After being injected with a hyaluronic acid filler, the woman experienced two infections, followed by development of the lesion, the authors wrote. The lesion was detected and treated with the help of ultrasound and MRI scans.
“What is interesting about this case is that the same filler therapy in one session led to three different complications in a patient with an inconspicuous general medical history,” wrote the group, led by Dr. Philipp Becker from the department of oral and maxillofacial surgery at the Federal Armed Forces Hospital, Rübenacherstr in Germany (Adv Oral Maxillofac Surg, April-June 2021, Vol. 2, 100034).
Hyaluronic acid fillers are temporary dermal fillers that reduce the appearance of fine lines and wrinkles and add volume to the face and lips. Though results can be seen immediately, they are only temporary. Other fillers are available, but hyaluronic acid fillers are used most often because they have low antigenic potential and are known to cause fewer adverse effects.
Patients who get dermal fillers more frequently may have minor complications such as lumps, bumps, and skin redness. Less common side effects include allergic reactions, infections, scarring, and the migration of fillers to other sites in the body.
A 62-year-old woman
Becker and colleagues described the case of a healthy woman who went to the oral and maxillofacial surgery clinic after developing a hard, tender swelling near the right jaw angle. Three months earlier, her cheekbones and each side of her jaw had been injected with a hyaluronic acid filler.
A few days after the procedure, swelling appeared over her left cheekbone and was treated with antibiotics. Shortly thereafter, she experienced swelling around the left corner of her jaw. This was treated with incision, drainage, and antiseptic irrigation for a week, and the inflammation subsided.
A few weeks later, the area around the right jaw angle began to swell. She underwent surgical drainage, was prescribed antibiotics, and received hyaluronidase injections, but her condition did not improve. Instead, the swelling grew to 2 cm in size; it was painful and restricted her ability to open her mouth, according to the authors.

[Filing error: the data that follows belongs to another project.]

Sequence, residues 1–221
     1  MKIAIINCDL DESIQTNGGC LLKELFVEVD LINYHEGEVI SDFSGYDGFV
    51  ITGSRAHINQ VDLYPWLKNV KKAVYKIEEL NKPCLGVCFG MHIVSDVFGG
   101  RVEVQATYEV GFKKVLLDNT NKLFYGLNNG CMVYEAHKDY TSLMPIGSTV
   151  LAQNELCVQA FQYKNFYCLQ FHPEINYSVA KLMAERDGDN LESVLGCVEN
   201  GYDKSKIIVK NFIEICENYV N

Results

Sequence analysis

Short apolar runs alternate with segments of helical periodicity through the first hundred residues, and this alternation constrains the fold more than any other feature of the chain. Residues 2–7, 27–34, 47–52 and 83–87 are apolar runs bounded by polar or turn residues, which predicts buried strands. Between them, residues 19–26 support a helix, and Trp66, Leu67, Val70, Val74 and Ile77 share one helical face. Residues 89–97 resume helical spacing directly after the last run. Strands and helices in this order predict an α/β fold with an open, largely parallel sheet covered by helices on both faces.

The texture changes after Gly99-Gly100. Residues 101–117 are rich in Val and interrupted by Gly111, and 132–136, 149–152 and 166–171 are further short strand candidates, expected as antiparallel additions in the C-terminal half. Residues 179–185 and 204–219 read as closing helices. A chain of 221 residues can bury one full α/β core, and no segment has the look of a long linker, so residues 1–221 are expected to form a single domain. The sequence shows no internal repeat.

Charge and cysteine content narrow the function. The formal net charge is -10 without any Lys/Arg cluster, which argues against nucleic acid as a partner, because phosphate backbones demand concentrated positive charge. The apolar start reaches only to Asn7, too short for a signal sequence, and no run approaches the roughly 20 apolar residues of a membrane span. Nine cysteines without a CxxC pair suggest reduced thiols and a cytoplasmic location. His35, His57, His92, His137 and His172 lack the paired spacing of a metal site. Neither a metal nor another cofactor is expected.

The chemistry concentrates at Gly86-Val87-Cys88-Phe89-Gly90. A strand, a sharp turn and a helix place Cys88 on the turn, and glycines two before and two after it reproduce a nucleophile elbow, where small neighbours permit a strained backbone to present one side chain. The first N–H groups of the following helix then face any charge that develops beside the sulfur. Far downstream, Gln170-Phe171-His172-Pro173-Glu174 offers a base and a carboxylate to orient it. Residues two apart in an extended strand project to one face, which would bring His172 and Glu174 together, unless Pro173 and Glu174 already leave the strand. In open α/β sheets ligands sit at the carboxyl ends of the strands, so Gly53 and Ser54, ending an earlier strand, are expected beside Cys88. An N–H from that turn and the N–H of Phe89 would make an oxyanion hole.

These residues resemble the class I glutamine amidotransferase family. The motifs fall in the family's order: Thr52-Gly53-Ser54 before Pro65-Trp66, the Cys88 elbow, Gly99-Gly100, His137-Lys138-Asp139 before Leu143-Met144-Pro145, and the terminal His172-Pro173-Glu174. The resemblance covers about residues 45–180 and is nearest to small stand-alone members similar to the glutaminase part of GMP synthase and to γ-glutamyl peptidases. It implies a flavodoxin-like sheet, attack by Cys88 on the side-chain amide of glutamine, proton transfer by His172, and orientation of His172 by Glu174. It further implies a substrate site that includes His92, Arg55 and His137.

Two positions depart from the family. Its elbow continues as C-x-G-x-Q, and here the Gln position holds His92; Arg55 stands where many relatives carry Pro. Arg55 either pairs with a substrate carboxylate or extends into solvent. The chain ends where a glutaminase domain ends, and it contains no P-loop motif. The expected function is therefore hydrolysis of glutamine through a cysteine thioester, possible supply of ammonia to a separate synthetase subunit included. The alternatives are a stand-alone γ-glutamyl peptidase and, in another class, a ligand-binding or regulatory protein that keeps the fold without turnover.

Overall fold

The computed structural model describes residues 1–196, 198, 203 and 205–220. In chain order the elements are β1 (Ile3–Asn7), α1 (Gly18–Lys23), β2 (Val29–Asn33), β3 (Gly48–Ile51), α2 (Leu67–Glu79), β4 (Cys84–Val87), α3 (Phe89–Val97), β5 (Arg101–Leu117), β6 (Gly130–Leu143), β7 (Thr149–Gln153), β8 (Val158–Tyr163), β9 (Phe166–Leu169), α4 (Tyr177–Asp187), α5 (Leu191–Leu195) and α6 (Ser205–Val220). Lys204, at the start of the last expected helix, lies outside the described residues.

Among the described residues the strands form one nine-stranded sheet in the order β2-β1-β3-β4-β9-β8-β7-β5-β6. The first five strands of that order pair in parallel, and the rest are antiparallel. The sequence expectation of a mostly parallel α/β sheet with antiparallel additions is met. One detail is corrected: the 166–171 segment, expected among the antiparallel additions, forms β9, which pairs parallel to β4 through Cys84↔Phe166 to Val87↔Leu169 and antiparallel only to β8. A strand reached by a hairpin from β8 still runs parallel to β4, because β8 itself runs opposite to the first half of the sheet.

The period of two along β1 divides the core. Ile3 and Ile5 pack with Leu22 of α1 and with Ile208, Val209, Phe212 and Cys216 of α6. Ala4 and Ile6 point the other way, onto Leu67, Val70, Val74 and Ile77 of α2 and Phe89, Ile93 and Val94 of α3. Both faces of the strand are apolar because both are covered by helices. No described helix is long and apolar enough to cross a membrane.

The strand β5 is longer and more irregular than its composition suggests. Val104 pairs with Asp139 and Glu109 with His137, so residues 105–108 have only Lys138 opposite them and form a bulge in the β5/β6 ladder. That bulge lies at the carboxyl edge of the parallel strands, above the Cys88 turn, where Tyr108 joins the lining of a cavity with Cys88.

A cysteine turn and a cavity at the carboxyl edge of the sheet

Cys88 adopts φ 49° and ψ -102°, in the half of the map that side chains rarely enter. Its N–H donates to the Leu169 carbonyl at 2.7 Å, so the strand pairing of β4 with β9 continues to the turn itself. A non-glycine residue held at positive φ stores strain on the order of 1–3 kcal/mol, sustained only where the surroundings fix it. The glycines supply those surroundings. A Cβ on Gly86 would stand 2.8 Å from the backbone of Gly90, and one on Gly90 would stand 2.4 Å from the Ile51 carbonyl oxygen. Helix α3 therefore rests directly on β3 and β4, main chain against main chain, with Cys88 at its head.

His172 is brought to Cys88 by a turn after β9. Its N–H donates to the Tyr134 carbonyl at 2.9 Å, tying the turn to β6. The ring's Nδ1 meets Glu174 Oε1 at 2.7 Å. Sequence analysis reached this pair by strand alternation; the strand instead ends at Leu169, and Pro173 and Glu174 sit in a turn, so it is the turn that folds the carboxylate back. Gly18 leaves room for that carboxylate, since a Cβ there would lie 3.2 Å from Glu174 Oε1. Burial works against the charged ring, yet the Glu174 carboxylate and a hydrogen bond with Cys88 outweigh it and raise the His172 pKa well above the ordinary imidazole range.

An ultrasound scan revealed an approximately 20 x 15-mm encapsulated mass. Clinicians started the patient on intravenous ampicillin/sulbactam due to the closeness of the mass to the facial nerve, and an MRI scan was performed. MRI showed a polylobulated lesion that measured 13 x 10 x 15 mm in the right masseter muscle, a facial muscle that plays a major role in chewing.
Coronal MR image (above) shows a lesion in the right masseter muscle approximately at the level of the jaw angle (white arrow), within and overlying the lateral masseter margin. Axial MR image (below) shows inflammation involvement of the surrounding adipose tissue and the right ventrocaudal parotid tip (white arrow).
The findings were compatible with an inflammatory mass, and it was punctured and aspirated. No blood or pus emerged, which was appropriate for an accumulation of hyaluronic acid filler. Intravenous antibiotics were continued until the woman’s symptoms regressed. If her symptoms had persisted with additional treatment, surgical resection would have been a final option, according to the authors.
Though hyaluronic acid injections and similar dermal fillers have become common cosmetic interventions, patients and clinicians should be aware of their potential adverse effects, the group noted.
“Proper medical training, knowledge of the patient and an experienced handling of the therapeutics used are basic requirements for success with the lowest possible complication rate of aesthetic treatments,” Becker and colleagues wrote.
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